One could argue it’s been a victorious year for historically Black colleges and universities (HBCUs). The FUTURE Act – legislation sustaining federal funding for minority serving institutions – made a fraught, winding journey to President Donald J. Trump’s desk, where it was signed into law in December.

But on Tuesday, Dr. Michael Lomax, president and CEO of the United Negro College Fund (UNCF), discouraged unbridled optimism.

“I cannot stand before you here today and say only that the state of HBCUs is strong or only that HBCUs remain resilient,” he said at the organization’s second annual “State of the HBCU Address” where HBCU leaders and allies gathered in Washington D.C. “As you know, those truths are only part of the story.”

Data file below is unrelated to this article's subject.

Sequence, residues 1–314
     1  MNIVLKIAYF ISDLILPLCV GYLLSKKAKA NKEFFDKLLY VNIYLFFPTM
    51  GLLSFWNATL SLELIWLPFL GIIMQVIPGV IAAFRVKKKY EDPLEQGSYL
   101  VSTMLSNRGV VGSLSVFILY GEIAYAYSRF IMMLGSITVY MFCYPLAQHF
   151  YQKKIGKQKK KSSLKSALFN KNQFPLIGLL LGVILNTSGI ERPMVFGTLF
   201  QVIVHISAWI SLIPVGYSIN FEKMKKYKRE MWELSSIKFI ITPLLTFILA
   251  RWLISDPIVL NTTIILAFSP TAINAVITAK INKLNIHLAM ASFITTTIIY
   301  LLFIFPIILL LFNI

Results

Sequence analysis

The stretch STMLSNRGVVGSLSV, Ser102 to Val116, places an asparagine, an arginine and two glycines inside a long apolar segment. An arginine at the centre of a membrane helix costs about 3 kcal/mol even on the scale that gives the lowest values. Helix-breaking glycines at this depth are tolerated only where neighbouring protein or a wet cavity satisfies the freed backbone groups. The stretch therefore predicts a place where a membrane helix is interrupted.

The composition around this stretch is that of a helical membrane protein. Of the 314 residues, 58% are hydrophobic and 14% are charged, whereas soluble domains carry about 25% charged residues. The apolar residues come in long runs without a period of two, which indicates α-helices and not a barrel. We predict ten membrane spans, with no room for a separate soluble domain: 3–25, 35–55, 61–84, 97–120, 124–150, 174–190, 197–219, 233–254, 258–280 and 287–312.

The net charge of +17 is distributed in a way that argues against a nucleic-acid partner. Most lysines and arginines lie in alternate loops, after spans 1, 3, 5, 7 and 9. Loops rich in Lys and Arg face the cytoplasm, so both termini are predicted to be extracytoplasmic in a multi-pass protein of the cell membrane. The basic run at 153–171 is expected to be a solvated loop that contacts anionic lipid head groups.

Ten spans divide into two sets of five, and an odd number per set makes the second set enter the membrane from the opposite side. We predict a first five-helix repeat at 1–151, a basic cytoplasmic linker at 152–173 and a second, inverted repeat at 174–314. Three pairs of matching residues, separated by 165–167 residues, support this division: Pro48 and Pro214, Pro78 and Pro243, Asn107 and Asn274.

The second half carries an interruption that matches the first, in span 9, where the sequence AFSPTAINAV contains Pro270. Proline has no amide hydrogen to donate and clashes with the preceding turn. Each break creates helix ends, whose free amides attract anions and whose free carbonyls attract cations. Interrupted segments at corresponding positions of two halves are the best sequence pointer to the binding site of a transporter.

He argued that the permanent annual $255 million in federal funding for minority serving institutions, with $85 million designated for HBCUs, marks progress, but it isn’t enough to solve the “HBCU paradox” – the fact that HBCUs enjoy broad bipartisan support but continue to be “woefully underfunded.”

The support that exists, though it spans party divides, is “too often a mile wide and an inch deep,” Lomax said. “Too often it creates an all too convenient gap between rhetoric and reality. It makes it easy for people to look and sound like they are HBCU boosters without having to take the hard steps and make a deep-seated commitment to eradicate decades of disparate treatment of HBCUs.”

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